A group of new technologies and services, including DSTAC, CableCard and pay-TV apps are set to challenge the cable industry's long-standing hold on the $20 billion set-top box market.
AT&T Mobility said it continues to work with several smaller carriers, likely including T-Mobile US and U.S. Cellular, to create roaming between different 700 MHz band classes but is still encountering some hurdles. Nevertheless, in delivering a progress report on its 700 MHz interoperability efforts to the FCC, AT&T noted that it has turned on the feature in its network that lets its network operate simultaneously in both Band 12 and Band 17 and support devices in both band classes.
Verizon is giving its support to FCC Chairman Tom Wheeler's decision to circulate a Notice of Proposed Rulemaking that proposes a framework for flexible spectrum use rules for bands above 24 GHz.
COMPTEL and NTCA said in separate FCC filings that the regulator should work to alleviate service providers from the burden of having to verify Lifeline service recipients.
AT&T said it is currently testing fixed wireless local loop technology in select areas of the country with local residents who want to try the service, including in Alabama, Georgia, Kansas and Virginia, and is seeing speeds of around 15 to 25 Mbps.
AT&T has joined Verizon and other ILECs in support of the thesis that the FCC should not implement new regulations on the special access market.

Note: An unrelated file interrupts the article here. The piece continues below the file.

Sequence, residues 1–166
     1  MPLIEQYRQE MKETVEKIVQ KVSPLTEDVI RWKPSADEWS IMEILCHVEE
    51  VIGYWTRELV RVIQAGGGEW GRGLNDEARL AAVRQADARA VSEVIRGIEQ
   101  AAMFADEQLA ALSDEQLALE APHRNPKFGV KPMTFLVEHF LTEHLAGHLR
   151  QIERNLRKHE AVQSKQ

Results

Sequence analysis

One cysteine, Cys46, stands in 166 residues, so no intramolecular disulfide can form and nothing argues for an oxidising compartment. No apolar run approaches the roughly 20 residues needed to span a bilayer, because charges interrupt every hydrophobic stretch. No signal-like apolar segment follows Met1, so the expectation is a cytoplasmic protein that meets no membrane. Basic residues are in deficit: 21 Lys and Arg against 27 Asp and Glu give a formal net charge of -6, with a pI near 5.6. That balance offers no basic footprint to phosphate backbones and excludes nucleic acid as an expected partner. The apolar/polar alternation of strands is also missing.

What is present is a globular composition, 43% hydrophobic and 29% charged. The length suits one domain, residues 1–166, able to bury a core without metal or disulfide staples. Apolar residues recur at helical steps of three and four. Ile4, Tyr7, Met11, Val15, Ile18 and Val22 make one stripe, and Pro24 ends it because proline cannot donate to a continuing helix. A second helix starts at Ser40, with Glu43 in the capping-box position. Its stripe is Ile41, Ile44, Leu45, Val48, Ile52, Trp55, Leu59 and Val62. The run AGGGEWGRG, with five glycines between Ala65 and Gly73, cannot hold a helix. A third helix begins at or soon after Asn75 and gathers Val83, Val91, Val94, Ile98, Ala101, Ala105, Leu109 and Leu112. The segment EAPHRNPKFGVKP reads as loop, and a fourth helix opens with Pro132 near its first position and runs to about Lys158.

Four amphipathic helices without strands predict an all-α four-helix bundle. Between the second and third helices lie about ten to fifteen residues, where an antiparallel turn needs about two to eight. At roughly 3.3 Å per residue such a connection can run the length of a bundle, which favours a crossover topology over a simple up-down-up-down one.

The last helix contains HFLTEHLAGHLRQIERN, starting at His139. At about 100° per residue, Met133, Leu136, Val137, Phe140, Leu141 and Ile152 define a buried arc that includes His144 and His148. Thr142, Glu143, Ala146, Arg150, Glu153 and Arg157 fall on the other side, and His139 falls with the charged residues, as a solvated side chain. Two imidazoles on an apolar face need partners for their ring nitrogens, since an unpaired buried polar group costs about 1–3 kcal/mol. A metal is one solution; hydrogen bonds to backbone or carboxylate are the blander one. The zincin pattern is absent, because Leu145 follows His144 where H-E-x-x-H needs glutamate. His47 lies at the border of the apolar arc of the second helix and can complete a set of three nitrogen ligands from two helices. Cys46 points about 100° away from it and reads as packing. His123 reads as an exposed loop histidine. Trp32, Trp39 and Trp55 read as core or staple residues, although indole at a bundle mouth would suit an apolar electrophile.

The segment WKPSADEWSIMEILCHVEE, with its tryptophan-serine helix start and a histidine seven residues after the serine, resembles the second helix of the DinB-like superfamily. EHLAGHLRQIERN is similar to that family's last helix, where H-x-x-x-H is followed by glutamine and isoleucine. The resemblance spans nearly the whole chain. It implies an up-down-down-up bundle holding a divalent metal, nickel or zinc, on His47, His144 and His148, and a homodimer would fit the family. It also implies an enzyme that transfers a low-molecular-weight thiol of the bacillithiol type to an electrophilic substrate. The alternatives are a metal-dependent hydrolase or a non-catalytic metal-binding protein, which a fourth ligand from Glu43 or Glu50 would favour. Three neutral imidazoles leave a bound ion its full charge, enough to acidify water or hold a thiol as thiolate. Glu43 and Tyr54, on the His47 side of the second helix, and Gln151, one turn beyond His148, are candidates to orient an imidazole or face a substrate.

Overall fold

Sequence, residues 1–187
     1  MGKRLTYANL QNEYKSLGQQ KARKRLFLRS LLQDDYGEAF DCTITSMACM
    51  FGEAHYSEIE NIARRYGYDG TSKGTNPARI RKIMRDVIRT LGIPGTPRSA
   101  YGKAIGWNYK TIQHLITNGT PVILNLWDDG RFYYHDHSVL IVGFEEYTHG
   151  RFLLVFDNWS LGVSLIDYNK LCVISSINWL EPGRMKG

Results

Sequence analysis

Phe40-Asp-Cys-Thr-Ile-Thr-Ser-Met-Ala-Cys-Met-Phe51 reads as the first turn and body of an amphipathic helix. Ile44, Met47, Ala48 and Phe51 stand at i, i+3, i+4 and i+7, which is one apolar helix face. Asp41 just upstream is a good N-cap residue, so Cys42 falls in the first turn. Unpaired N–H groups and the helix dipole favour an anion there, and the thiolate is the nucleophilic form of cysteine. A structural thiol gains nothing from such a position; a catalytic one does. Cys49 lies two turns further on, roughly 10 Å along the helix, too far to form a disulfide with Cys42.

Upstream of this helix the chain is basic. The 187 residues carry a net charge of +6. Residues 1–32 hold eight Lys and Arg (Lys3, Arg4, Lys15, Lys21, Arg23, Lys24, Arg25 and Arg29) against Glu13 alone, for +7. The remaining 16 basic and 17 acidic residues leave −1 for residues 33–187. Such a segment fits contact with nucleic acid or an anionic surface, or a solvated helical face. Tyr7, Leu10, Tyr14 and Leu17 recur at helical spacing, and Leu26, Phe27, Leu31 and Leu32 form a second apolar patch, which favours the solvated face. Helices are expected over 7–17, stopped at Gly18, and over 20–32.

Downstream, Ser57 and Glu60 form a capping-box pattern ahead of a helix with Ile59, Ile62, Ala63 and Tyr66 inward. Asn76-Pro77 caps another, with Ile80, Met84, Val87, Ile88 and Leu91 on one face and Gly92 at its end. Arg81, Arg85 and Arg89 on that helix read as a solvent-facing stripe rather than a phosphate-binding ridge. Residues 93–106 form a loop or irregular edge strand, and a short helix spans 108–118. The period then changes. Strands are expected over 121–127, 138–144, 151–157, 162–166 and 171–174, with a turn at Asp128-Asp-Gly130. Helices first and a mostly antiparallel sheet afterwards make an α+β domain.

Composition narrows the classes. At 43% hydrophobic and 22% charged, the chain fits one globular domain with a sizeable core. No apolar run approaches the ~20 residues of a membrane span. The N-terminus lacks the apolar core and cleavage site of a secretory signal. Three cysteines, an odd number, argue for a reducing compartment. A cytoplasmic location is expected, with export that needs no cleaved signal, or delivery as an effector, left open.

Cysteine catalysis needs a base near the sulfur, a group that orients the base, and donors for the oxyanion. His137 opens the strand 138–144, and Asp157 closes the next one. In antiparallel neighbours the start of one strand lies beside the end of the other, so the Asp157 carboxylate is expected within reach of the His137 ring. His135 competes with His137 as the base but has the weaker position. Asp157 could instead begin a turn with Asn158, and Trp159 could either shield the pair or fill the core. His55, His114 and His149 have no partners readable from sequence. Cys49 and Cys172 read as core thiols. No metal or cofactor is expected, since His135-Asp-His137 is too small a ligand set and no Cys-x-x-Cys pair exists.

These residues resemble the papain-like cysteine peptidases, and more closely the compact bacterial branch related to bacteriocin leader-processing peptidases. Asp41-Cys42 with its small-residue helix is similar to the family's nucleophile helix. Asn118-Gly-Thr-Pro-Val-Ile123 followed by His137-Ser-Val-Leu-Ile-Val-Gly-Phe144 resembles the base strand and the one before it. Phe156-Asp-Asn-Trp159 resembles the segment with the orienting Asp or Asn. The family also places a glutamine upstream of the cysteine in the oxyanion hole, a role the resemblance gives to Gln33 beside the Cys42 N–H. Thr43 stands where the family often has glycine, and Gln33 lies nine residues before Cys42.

While analysts cast fresh doubt on his company's ability to gain regulatory approval of its twin cable purchases, Charter Communications CFO Christopher Winfrey told investors that his MSO is ready to close the purchases of Time Warner Cable and Bright House Networks by the end of this year.
According to a lengthy new report from the Pulitzer Prize-winning Center for Public Integrity, rules that would have made it easier to find the location of 911 callers were watered down by intense lobbying by the wireless industry.
The nation's wireless carriers may well have more 600 MHz spectrum to acquire during the FCC's incentive auction next year than they had expected. "From our conversations it appears that absent any legitimate reason (like interference) the auction will begin on March 29th, with better than expected participation from broadcasters," said Jefferies analysts in a recent note to investors. "Officials made it clear that it is unlikely that broadcasters will be able to sell their spectrum directly to the carriers, that a new auction will take place near-term, and that future auctions will reimburse reallocation costs. The FCC is clearly hopeful for participation from both traditional and non-traditional players."
Cincinnati Bell may be a broadband advocate for lower income families, but it says that the FCC should not impose a minimum speed level on the Lifeline support program.